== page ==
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US senators to submit resolution condemning democratic backsliding in Hungary

BUDAPEST, Hungary — Two U.S. senators will submit a bipartisan resolution to Congress condemning democratic backsliding in Hungary and urging its nationalist government to lift its block on Sweden’s accession into the NATO military alliance.

The resolution, authored by U.S. Sens. Jeanne Shaheen, a New Hampshire Democrat, and Thom Tillis, a North Carolina Republican, comes as Hungary’s government is under increasing pressure to ratify Sweden’s bid to join NATO, something it has delayed for more than 18 months.

Unanimity is required among all NATO member countries to admit a new ally, and Hungary is the only one of the 31 member states not to have backed Sweden’s bid.

In the resolution, obtained by The Associated Press, the senators note “the important role Hungary can have in European and trans-Atlantic security,” but point out its failure to keep earlier promises not to be the last NATO ally to sign off on Sweden’s membership.

Hungary, the resolution says, “has not joined all other NATO member states in approving the accession of Sweden to NATO, failing to fulfil a commitment not to be last to approve such accession and jeopardizing trans-Atlantic security at a key moment for peace and stability in Europe.”

Hungarian Prime Minister Viktor Orbán, a staunch nationalist who has led Hungary since 2010, has said that he favors Sweden’s NATO accession, but that lawmakers in his party remain unconvinced because of “blatant lies” from Swedish politicians on the state of Hungary’s democracy.

After Turkey’s parliament voted to back Stockholm’s bid in January, attention has shifted to Budapest, the last holdout, as NATO members seek to expand the alliance amid Russia’s full-scale invasion of Ukraine.

The senators’ resolution criticizes Orbán’s increasingly warm relations with Russia and China, and notes that while Hungary has opened its doors to Ukrainian refugees fleeing Moscow’s invasion, it has also “resisted and diluted European Union sanctions with respect to the Russian Federation.”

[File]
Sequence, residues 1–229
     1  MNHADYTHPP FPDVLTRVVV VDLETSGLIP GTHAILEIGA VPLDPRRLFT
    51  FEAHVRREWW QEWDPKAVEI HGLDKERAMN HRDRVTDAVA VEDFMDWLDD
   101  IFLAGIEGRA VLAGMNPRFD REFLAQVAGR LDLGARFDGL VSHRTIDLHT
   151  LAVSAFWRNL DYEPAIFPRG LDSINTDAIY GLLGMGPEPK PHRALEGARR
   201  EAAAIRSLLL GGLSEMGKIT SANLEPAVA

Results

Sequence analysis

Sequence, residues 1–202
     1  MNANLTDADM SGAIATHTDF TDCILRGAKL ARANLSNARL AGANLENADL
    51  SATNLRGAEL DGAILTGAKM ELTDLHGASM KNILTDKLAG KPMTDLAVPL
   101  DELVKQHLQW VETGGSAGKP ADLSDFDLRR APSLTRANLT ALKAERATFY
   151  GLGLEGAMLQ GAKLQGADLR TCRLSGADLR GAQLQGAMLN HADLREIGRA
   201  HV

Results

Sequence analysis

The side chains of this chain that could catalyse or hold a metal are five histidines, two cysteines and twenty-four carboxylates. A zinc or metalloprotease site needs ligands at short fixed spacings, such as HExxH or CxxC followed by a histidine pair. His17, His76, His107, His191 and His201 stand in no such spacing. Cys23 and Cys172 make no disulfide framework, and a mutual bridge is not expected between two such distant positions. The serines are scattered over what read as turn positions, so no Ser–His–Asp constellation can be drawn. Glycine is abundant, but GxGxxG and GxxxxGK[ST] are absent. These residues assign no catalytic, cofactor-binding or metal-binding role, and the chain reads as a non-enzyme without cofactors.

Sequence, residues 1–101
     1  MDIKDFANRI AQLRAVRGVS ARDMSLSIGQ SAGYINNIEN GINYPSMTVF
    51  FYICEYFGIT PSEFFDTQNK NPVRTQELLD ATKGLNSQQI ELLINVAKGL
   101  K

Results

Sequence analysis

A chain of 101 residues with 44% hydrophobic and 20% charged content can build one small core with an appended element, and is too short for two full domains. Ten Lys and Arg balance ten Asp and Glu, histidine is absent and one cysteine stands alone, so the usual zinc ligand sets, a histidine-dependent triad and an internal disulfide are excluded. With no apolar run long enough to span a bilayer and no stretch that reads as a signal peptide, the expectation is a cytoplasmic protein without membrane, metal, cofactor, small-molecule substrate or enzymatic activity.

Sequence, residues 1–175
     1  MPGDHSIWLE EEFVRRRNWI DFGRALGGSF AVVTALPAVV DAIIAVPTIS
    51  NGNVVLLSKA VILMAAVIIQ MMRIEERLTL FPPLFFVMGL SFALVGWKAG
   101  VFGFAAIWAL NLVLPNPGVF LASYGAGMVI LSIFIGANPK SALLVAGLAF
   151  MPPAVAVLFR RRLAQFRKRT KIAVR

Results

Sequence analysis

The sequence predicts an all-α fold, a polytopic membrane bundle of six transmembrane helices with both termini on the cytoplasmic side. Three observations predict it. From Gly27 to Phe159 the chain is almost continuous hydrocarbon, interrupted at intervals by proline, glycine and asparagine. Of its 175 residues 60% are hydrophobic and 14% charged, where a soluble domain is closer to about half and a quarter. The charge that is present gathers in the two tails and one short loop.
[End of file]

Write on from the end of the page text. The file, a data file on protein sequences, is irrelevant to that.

Orbán, widely considered to be the Kremlin’s closest EU ally, has long been criticized for flouting the bloc’s standards on democracy and the rule of law. The EU has withheld billions in funding from Budapest over alleged breaches of its rules.

A bipartisan delegation of U.S. lawmakers, including Shaheen and Tillis, is set to visit Budapest on Sunday for a “mission focused on strategic issues confronting NATO and Hungary,” underscoring the growing impatience among Hungary’s allies after its delays in ratifying Sweden’s NATO bid.

The senators’ resolution charges that Orbán has “used migration, the COVID-19 crisis, and the war against Ukraine” to justify successive states of emergency that have allowed the Hungarian government “to rule by decree, bypassing the parliament.”

It also criticizes Orbán for meddling in Hungary’s media landscape, restricting civil liberties and seeking to crack down on dissenting voices.

In a state of the nation speech in Budapest on Saturday, Orbán indicated that Hungary’s legislature might soon move forward on approving Stockholm’s NATO membership.

“It’s good news that our dispute with Sweden is nearing a conclusion,” he said. “We are moving toward ratifying Sweden’s accession to NATO at the beginning of the spring session of Parliament.”

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